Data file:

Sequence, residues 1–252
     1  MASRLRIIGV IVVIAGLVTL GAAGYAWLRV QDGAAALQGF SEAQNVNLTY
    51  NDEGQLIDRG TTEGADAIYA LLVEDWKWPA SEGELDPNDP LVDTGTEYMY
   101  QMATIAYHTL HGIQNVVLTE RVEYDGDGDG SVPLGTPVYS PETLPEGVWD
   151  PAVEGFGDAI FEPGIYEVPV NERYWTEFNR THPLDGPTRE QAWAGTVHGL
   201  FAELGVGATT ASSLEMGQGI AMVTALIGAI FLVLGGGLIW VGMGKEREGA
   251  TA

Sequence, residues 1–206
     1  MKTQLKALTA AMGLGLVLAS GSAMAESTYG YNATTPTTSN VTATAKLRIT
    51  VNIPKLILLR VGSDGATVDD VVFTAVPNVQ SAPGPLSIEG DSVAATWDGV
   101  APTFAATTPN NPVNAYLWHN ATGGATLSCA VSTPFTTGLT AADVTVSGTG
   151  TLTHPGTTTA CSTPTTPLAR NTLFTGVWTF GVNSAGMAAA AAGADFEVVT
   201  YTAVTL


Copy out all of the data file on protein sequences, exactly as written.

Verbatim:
Sequence, residues 1–252
     1  MASRLRIIGV IVVIAGLVTL GAAGYAWLRV QDGAAALQGF SEAQNVNLTY
    51  NDEGQLIDRG TTEGADAIYA LLVEDWKWPA SEGELDPNDP LVDTGTEYMY
   101  QMATIAYHTL HGIQNVVLTE RVEYDGDGDG SVPLGTPVYS PETLPEGVWD
   151  PAVEGFGDAI FEPGIYEVPV NERYWTEFNR THPLDGPTRE QAWAGTVHGL
   201  FAELGVGATT ASSLEMGQGI AMVTALIGAI FLVLGGGLIW VGMGKEREGA
   251  TA

Sequence, residues 1–206
     1  MKTQLKALTA AMGLGLVLAS GSAMAESTYG YNATTPTTSN VTATAKLRIT
    51  VNIPKLILLR VGSDGATVDD VVFTAVPNVQ SAPGPLSIEG DSVAATWDGV
   101  APTFAATTPN NPVNAYLWHN ATGGATLSCA VSTPFTTGLT AADVTVSGTG
   151  TLTHPGTTTA CSTPTTPLAR NTLFTGVWTF GVNSAGMAAA AAGADFEVVT
   201  YTAVTL